Sunday, February 20, 2011

U.S. Overseas Military Deployments and Bases

Some 370,000 U.S. military forces are deployed in more than 150 countries around the globe.  Many deployments are minimal, below 100.  Two of three largest are 50,000 in Iraq and about 100,000 in combat operations in Afghanistan.  The 50,000 in Iraq are scheduled to depart by December 31, 2011.

Other substantial deployments are 57,000 in Germany, 32,500 in Japan, 28,500 in South Korea, 10,500 in Kuwait, just under almost 10,000 in both the United Kingdom and Italy, 8,000 in Qatar, and 3,500 in Djibouti, Africa.  About 78,000 are in Europe, and 61,000 in Asia.



(Key:  Light blue, more than 1000 troops.  Dark blue, more than 100 troops.  Purple, use of military facilities.)

By service, the Army has bases or servicing agreements in Bulgaria, Germany, Iraq, Israel, Italy, Japan, Kuwait, Kosovo, and South Korea; the Marine Corps in Afghanistan, Germany, and Japan; the Navy in Bahrain, British Overseas Ocean Territory, Brazil, Cuba, Spain, Japan, Guam, Italy, Israel, Greece, and South Korea; and, the Air Force in Afghanistan, Australia, Bulgaria, Germany, Greenland, Guam, Italy, Japan, Qatar, Saudi Arabia, Singapore, South Korea, Kyrgyzstan, Netherlands, Phillippines, Portugal, Spain, Turkey, and the U.K.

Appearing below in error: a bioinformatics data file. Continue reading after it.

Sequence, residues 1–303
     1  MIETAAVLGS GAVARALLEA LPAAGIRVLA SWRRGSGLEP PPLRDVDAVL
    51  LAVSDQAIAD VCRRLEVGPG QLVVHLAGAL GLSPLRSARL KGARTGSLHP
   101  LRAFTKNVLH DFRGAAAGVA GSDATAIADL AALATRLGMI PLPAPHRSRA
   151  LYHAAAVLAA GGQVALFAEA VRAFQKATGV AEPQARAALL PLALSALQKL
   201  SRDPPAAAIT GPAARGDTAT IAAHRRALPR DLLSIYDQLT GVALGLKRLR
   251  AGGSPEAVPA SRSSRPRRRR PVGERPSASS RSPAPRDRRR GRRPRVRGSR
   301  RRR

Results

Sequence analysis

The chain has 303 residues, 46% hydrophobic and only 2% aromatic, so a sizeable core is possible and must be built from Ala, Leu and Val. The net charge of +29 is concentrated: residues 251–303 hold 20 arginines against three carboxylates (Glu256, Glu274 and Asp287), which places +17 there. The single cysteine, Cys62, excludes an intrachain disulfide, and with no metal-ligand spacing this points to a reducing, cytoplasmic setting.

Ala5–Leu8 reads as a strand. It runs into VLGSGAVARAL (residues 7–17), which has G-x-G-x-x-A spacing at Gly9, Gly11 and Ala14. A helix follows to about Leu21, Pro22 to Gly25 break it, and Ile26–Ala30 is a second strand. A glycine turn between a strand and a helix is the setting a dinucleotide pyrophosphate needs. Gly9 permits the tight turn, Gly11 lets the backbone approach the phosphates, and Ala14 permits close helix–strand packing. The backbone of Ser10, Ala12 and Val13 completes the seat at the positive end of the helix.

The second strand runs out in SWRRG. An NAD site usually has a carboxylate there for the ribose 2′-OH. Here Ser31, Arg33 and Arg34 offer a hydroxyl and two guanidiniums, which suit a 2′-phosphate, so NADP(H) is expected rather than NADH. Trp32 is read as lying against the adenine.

Many of these deployments are decades old.  Are all of them still needed at current staffing levels?  Is there opportunity for cost savings without substantially diminishing military capabilities around the globe?

Look at the deployments and bases from China’s viewpoint.  The ring of U.S. forces could be construed as threatening.  In marked contrast, China has only several refueling stations in South Asia and the Gulf, but no active overseas military bases in foreign countries.

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